man if he abstain from all pleasures. Yet this need for using pleasures of the body will be greater or less, according as
        man needs more or less the powers of his body in accomplishing the act of reason. Wherefore it is commendable for
        those who undertake the duty of giving themselves to contemplation, and of imparting to others a spiritual good, by a kind of spiritual procreation, as it were, to abstain from many pleasures, but not for those who are in duty bound to bodily occupations and carnal procreation.

        Reply to Objection 3. In order to avoid sin, pleasure must be shunned, not altogether, but so that it is not sought more than necessity requires.

        So, depending on what exactly are the practices involved, and what the psychological affects are (is this a compulsive behaviour? are there underlying reasons for it?), it may or may not be sinful. Merely being “weird” by non-typical opinion doesn’t make it sinful per se; it would need to involve harm or damage or over-indulgence for that.

  • JohnE_o

    From a link in the linked article:

    “During that meeting, the bishop learned that Donovan was “mortified” by what
    happened…”

    Well, yes, I suppose that was rather the point.

    • Randy Gritter

      Actually I don’t think this was done as a penance. It sounds more like the cutting you hear about with teens. Self-harm as an inappropriate response to stress.

  • Brittney Lind

    “…what the priest’s own clinical therapist had diagnosed as ‘non-sexual self-bondage.’”

    I just would like to point out that there is no such diagnosis. Not in the DSM-IV-TR, nor in the DSM-V, nor in the ICD-10.

    • wlinden

      It is not a diagnosis, it is a description.

  • http://ashesfromburntroses.blogspot.com/ Manny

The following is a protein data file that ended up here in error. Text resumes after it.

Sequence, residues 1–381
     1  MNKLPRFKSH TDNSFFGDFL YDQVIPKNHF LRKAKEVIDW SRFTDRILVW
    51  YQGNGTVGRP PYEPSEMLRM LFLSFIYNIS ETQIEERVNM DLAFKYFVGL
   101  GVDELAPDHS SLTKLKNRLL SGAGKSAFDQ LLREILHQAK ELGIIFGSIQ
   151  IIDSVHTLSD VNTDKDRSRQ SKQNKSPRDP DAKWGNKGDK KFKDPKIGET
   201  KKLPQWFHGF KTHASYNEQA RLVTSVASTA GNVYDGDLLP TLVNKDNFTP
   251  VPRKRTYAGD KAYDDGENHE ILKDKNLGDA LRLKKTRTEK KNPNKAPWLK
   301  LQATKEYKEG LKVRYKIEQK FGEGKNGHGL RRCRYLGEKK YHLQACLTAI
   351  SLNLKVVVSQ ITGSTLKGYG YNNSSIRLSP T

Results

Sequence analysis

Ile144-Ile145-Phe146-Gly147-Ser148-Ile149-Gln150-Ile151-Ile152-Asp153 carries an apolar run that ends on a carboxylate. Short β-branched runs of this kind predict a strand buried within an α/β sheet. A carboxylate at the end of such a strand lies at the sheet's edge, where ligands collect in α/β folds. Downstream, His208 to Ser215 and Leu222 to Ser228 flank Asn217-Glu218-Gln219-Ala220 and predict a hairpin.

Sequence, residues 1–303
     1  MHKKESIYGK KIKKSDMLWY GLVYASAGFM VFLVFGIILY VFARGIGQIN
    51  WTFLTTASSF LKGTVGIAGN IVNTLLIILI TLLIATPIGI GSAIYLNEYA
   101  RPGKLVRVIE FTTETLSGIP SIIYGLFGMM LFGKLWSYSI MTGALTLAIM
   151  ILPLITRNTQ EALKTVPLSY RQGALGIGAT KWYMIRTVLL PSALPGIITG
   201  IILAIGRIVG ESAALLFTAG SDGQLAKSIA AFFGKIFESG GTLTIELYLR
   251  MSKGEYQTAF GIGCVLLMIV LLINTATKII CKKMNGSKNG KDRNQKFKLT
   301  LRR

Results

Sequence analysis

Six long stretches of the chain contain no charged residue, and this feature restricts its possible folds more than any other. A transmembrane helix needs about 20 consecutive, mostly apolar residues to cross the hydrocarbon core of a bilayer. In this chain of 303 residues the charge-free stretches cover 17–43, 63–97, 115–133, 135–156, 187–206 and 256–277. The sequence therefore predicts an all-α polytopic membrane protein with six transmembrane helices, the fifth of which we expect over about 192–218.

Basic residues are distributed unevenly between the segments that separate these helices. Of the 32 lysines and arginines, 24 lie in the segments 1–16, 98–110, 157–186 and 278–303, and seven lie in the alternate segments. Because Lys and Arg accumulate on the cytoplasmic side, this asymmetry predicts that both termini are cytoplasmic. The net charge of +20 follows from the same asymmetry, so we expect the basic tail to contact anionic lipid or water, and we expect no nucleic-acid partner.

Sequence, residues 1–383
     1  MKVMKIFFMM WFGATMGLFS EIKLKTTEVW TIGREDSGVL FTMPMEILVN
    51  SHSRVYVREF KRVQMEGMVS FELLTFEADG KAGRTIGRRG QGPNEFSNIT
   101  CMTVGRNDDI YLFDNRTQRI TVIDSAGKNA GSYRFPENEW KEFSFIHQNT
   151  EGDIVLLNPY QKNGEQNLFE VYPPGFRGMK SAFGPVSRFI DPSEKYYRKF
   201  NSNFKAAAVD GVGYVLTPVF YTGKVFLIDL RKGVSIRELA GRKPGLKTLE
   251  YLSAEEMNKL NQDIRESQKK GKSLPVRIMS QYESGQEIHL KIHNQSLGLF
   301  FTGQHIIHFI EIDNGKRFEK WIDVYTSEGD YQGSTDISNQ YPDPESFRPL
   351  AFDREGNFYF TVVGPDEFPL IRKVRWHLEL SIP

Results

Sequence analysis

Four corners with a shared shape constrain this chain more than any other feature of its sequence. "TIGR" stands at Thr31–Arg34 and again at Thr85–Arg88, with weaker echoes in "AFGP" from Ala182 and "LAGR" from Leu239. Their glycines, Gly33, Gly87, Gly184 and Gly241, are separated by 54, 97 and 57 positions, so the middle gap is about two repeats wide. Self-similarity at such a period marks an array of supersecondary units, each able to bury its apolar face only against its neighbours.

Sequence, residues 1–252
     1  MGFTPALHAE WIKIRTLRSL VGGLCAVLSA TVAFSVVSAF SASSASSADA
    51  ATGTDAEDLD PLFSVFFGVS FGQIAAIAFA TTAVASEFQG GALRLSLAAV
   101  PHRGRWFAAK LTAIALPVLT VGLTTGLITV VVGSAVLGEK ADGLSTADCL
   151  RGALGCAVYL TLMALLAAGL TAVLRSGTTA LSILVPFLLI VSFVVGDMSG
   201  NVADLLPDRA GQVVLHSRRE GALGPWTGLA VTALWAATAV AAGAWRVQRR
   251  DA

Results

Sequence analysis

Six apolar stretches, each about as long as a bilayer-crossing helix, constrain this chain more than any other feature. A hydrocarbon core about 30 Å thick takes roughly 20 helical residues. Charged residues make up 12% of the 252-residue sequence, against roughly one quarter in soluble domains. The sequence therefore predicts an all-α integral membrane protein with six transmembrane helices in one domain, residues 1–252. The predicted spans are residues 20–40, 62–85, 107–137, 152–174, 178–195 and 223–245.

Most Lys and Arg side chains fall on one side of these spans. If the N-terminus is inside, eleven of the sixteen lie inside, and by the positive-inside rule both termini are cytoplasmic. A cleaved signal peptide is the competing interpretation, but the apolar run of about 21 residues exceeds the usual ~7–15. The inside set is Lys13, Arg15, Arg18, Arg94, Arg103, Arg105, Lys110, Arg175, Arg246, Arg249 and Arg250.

I fail to see what the priest did that was illegal or sinful. Perhaps it’s odd, but so what? Am I missing something?

  • Ray

    “It only takes a moment of reflection over my week at least, to feel the truth of Paul’s statement in the opening chapter of First Timothy”

    Since no one else seems to have mentioned this. You do realize that the vast majority of Biblical scholarship says Paul did not write the Pastoral Epistles ? Right? Perhaps we can add lying to the list of sins the author of this epistle should be confessing.

  • LibbyBarnes

    Everything was good, but the last sentence was stellar. :)

  • kenofken

    This man needs help! A professional dominatrix :) Priests are men too, and we sometimes need firm but loving corporal correction!

    The facts revealed to us at least don’t show they guy to be a child predator. If this is the depth of priest weirdness going forward, the Church is doing orders of magnitude better than before. Kinda troubling that predator priests and enabling bishops always seemed to have an entourage of defenders and an ethic of eternal second chances, but this guy needs immediate exile from ministry?

  • http://thinkinggrounds.blogspot.com/ Christian H

    My favourite part is when people suggest that psychological problems merit removal from the pulpit. Awesome! Great! I am so thrilled that we’ve come this far in combating the stigma of mental illness. /sarcasm

  • Donalbain

    What exactly did the guy do that was, in any sense, immoral?

  • guest

    Even Jesus was curt and short-tempered sometimes. Look at how he treated the moneychangers at the temple, the temper tantrum he threw when a fig tree wouldn’t give him fruit, the many times he rebukes his disiplines and his curt replies to his mother on several occasions. As for God the Father, he’d benefit from an anger management course.

    I can’t really take seriously the idea that you are the chief of sinners in a world that contains murderers, torturers and rapists.

    I don’t understand why, if the sacrements are ‘ex opere operato’, the operator still must always be a man. Jesus was many things- Jewish, 30-something, a resident of Palestine, allegedly without sin, probably had a beard- and yet none of those characteristics are considered essential in a priest, except his sex. It seems ridiculous that God would bless the sacrement of an unrepentant pedophile priest, yet reject the same sacrements from a woman.